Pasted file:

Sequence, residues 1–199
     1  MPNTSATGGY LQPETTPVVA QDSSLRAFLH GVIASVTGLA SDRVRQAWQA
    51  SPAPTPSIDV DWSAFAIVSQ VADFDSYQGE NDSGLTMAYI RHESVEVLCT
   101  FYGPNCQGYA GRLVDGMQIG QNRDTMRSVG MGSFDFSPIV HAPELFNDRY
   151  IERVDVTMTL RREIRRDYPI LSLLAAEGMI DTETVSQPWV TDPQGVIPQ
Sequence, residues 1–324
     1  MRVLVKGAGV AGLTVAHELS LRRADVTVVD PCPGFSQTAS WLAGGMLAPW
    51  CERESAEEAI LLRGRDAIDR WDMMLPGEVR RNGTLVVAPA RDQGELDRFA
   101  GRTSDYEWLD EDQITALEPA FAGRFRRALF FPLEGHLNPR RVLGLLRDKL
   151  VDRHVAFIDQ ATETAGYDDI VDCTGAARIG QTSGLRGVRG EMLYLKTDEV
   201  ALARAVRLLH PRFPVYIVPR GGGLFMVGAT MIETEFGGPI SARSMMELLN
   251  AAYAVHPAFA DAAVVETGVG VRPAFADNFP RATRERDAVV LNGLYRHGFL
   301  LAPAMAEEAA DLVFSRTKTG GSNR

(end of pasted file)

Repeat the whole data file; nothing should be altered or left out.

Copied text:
Sequence, residues 1–199
     1  MPNTSATGGY LQPETTPVVA QDSSLRAFLH GVIASVTGLA SDRVRQAWQA
    51  SPAPTPSIDV DWSAFAIVSQ VADFDSYQGE NDSGLTMAYI RHESVEVLCT
   101  FYGPNCQGYA GRLVDGMQIG QNRDTMRSVG MGSFDFSPIV HAPELFNDRY
   151  IERVDVTMTL RREIRRDYPI LSLLAAEGMI DTETVSQPWV TDPQGVIPQ
Sequence, residues 1–324
     1  MRVLVKGAGV AGLTVAHELS LRRADVTVVD PCPGFSQTAS WLAGGMLAPW
    51  CERESAEEAI LLRGRDAIDR WDMMLPGEVR RNGTLVVAPA RDQGELDRFA
   101  GRTSDYEWLD EDQITALEPA FAGRFRRALF FPLEGHLNPR RVLGLLRDKL
   151  VDRHVAFIDQ ATETAGYDDI VDCTGAARIG QTSGLRGVRG EMLYLKTDEV
   201  ALARAVRLLH PRFPVYIVPR GGGLFMVGAT MIETEFGGPI SARSMMELLN
   251  AAYAVHPAFA DAAVVETGVG VRPAFADNFP RATRERDAVV LNGLYRHGFL
   301  LAPAMAEEAA DLVFSRTKTG GSNR